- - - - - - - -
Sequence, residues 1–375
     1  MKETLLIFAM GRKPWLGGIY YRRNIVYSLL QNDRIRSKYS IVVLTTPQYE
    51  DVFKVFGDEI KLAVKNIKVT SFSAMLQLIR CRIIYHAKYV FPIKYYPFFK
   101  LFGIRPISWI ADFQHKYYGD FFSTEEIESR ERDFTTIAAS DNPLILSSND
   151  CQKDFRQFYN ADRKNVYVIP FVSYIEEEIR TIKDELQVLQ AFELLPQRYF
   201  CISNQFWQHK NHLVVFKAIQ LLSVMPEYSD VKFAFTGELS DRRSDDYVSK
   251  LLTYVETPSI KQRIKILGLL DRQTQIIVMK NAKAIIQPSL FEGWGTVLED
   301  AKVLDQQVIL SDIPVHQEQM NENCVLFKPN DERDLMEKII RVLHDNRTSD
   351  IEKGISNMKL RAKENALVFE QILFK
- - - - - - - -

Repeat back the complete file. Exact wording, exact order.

Sequence, residues 1–375
     1  MKETLLIFAM GRKPWLGGIY YRRNIVYSLL QNDRIRSKYS IVVLTTPQYE
    51  DVFKVFGDEI KLAVKNIKVT SFSAMLQLIR CRIIYHAKYV FPIKYYPFFK
   101  LFGIRPISWI ADFQHKYYGD FFSTEEIESR ERDFTTIAAS DNPLILSSND
   151  CQKDFRQFYN ADRKNVYVIP FVSYIEEEIR TIKDELQVLQ AFELLPQRYF
   201  CISNQFWQHK NHLVVFKAIQ LLSVMPEYSD VKFAFTGELS DRRSDDYVSK
   251  LLTYVETPSI KQRIKILGLL DRQTQIIVMK NAKAIIQPSL FEGWGTVLED
   301  AKVLDQQVIL SDIPVHQEQM NENCVLFKPN DERDLMEKII RVLHDNRTSD
   351  IEKGISNMKL RAKENALVFE QILFK